Dozens of dog farmers in South Korea have staged a rally to criticise the country’s first lady over her reported comments supporting a possible ban on dog meat consumption.
Eating dog is a centuries-old Korean practice but there have been growing calls to allow it in South Korea as animal rights campaigns have influenced public attitudes and eating dog meat has fallen out of favour with most younger people.
In late 2021, a government-civilian committee was launched to reach a social consensus on ending dog meat consumption but no breakthrough has been reported yet.
Farmers demanded authorities present more concrete compensation steps or allow them to maintain their businesses for about 15-20 years until older people, who are the main source of demand for the meat, die.
Some local media outlets reported that Ms Kim told activists that she would work towards an end to dog meat consumption for the duration of Mr Yoon’s term, which ends in 2027.
Dog farmers argued Ms Kim is not entitled to make such a policy promise because she is not a government official. They also accused her of undermining their rights to their livelihoods and happiness.
Mr Yoon’s office declined to confirm the contents of Ms Kim’s conversation with the activists because their luncheon was organised as a closed-door meeting.
Attendee Jo Hee Kyung, who heads the Korean Animal Welfare Association, said Ms Kim’s comments reported in the media were largely taken out of context.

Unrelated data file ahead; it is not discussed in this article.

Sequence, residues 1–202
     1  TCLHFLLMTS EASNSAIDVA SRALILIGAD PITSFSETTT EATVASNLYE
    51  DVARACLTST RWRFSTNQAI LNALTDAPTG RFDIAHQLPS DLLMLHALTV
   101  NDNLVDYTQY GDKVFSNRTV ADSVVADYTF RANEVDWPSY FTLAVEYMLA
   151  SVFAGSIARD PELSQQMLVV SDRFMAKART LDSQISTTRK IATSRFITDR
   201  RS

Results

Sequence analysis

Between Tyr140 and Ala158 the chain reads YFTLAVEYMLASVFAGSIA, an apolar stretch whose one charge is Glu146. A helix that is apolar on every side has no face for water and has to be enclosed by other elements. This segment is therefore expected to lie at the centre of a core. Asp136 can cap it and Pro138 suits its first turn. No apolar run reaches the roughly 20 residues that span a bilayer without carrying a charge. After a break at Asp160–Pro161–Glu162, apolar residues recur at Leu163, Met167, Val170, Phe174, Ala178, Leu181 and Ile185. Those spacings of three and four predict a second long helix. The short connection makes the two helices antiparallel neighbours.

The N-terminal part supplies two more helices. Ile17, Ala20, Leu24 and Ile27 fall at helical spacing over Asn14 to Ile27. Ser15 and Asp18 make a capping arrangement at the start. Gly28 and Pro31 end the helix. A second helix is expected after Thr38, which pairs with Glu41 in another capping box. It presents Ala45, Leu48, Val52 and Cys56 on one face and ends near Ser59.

She said Ms Kim did not discuss policies but rather expressed her personal hopes for the end of dog meat consumption during an informal meeting.
Ms Kim and Mr Yoon are known as pet lovers, with six dogs and five cats. Ms Jo said Ms Kim had long held interests in animal rights movements even before Mr Yoon became president in 2022.
During the rally, farmers pumped their fists and chanted slogans demanding Ms Kim withdraw her reported comments and the government formulate steps to support the farmers. “Guarantee our livelihoods! Guarantee!” they shouted.
They said they later visited a police station to file complaints against Ms Kim for allegedly hurting their rights to maintain livelihoods, seek happiness and select jobs.
Chae IlTaek, an activist at the Korean Animal Welfare Association, called dog meat consumption “an anachronistic business” that should have been shut down.
About 1 million dogs are slaughtered for food annually in South Korea, a decrease from more than 3 million annually about 10-20 years ago, according to Mr Ju.
Dog meat is neither legally protected nor explicitly banned in South Korea. During election campaigning, Mr Yoon said he personally opposed dog meat consumption but formulating a policy on outlawing it would require a public consensus.